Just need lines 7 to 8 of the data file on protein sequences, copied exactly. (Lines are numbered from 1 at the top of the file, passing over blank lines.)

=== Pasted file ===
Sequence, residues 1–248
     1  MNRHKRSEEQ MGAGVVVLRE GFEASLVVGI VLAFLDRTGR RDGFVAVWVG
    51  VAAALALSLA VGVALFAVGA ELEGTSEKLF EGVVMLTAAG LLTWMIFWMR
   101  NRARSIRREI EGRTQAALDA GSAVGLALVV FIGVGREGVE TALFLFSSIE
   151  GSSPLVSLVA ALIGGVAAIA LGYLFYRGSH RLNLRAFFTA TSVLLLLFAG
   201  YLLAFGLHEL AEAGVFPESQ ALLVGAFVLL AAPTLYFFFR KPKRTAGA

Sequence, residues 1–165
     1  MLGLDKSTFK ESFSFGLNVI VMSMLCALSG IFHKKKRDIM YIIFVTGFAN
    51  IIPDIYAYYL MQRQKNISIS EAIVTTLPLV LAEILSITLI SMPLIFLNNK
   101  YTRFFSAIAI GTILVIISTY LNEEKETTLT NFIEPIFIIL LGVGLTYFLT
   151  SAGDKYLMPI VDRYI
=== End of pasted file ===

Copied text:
Sequence, residues 1–165
     1  MLGLDKSTFK ESFSFGLNVI VMSMLCALSG IFHKKKRDIM YIIFVTGFAN